The electrical circuitry includes flashers 66,68,70 for operating flashing lights, such as turn signals and simultaneous four light alarm lights, in conventional manner. Flashers 66,68,70 are provided by employing, for twelve volt systems, model numbers 262, 263, and 552 of Signal-Stat division of Federal Mogul Corporation, of Detroit, Mich. These or equivalent flashers transmit an intermittent power signal to corresponding subcircuits, so that the subject lights may be readily identified due to their characteristic flashing. Four-way flasher 70 is connected to operate both right and left turn signals simultaneously, in accord with standard transportation industry practice. Of course, testing of these circuits may proceed without flashers, if so desired.
Remaining subcircuits 72,74,76,78, are identified in the schematic of FIG. 2 by their respective indicating lamps, but will be understood to include respective two-position switches and associated conductors operably connecting these switches to power and to corresponding terminals on wiring connectors 20,22,36. Obviously, each subcircuit completes a circuit to one type of signalling and illumination function on the trailer.
Wiring connectors 20,22,36 are preferred since they correspond to wiring conventions most frequently encountered in the transportation industry. Connector 22, having seven conductors arranged as shown, wherein the topmost terminal 82 corresponds to a topmost electrode of a tractor and trailer wiring system (not shown), is employed in large, over the road, freight hauling tractor and trailer combinations. Connector 20, topmost terminal 80 also corresponding to the topmost terminal of its trailer counterpart (not shown), is typical of wiring systems of mobile homes, recreational trailers, and horse trailers. Connector 36 is typical of connections for smaller, passenger car drawn trailers.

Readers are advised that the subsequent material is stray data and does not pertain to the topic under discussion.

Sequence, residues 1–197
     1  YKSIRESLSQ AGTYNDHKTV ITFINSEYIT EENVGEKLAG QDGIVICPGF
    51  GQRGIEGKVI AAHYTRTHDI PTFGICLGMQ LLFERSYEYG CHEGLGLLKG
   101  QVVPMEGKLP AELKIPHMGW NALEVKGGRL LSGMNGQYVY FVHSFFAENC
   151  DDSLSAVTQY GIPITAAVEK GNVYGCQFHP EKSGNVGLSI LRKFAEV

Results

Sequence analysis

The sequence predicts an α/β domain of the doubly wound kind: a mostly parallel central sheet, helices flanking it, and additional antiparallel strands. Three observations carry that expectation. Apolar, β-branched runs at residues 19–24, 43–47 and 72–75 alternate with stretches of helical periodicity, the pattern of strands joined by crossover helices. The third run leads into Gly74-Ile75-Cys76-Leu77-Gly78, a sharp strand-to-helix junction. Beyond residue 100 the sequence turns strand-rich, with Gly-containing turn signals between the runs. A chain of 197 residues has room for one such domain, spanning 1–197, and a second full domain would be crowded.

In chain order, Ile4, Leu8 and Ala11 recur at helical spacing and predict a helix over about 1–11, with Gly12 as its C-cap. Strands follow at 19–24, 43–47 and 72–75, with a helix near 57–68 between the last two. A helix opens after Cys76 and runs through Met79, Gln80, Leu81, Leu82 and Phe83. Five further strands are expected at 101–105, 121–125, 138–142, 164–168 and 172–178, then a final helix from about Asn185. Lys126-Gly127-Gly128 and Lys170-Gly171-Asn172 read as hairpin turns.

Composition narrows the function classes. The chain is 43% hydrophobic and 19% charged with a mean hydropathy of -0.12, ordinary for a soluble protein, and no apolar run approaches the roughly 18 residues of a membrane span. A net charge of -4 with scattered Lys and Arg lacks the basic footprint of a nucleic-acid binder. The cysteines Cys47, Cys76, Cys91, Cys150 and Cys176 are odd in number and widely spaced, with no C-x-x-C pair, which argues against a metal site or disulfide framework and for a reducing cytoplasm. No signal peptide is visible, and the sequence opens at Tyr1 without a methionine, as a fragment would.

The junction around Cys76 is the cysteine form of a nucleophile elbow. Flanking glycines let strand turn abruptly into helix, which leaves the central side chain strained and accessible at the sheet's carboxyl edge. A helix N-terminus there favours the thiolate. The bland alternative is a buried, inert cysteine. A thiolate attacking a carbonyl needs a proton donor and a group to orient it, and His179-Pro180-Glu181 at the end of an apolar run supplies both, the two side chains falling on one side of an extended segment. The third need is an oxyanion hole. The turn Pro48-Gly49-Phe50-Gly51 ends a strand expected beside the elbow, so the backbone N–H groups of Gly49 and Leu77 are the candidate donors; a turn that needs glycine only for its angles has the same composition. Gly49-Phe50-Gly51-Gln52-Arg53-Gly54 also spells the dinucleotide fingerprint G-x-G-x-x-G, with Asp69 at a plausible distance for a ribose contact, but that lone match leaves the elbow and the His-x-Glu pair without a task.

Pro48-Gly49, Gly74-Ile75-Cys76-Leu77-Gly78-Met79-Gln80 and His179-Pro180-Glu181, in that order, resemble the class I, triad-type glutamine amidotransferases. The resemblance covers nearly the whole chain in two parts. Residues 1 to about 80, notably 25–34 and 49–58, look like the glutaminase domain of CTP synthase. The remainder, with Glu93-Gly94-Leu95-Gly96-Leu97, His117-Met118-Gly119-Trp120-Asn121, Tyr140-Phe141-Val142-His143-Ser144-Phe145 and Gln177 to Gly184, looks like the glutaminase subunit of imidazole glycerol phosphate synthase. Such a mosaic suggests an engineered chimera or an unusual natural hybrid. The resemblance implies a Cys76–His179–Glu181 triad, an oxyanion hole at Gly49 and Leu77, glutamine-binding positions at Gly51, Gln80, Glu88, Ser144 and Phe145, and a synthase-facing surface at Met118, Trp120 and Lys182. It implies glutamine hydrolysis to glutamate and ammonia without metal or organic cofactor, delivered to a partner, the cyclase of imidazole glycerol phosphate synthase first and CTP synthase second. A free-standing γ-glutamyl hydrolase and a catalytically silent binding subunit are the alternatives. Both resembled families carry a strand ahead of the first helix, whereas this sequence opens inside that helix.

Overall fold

For large trailers, additional testing features are provided. Referring now to FIGS. 3 and 4, a pneumatic system 84 for testing the pneumatic brakes of a heavy freight trailer is seen. The Pneumatic system 84 includes an emergency circuit 86 and a service circuit 88. Pneumatic system 84 is connected to a source of air pressure (not shown) by a quick detachable coupler 100. The air pressure source is preferably shop air provided by the service station's high pressure air supply. Alternatively, a compressor or a tank of compressed air (not shown) can be provided on the cart 13 itself to allow use of the cart independent of the shop air. The emergency circuit 86 includes a conduit 102 which conducts high pressure air to a push-pull button valve 94. Outlet of the valve 94 is connected to a "glad-hands" connector 90 via the pressure hose 23. The "glad-hands" connector is a type of connector well known in the art and will not be described in any detail here.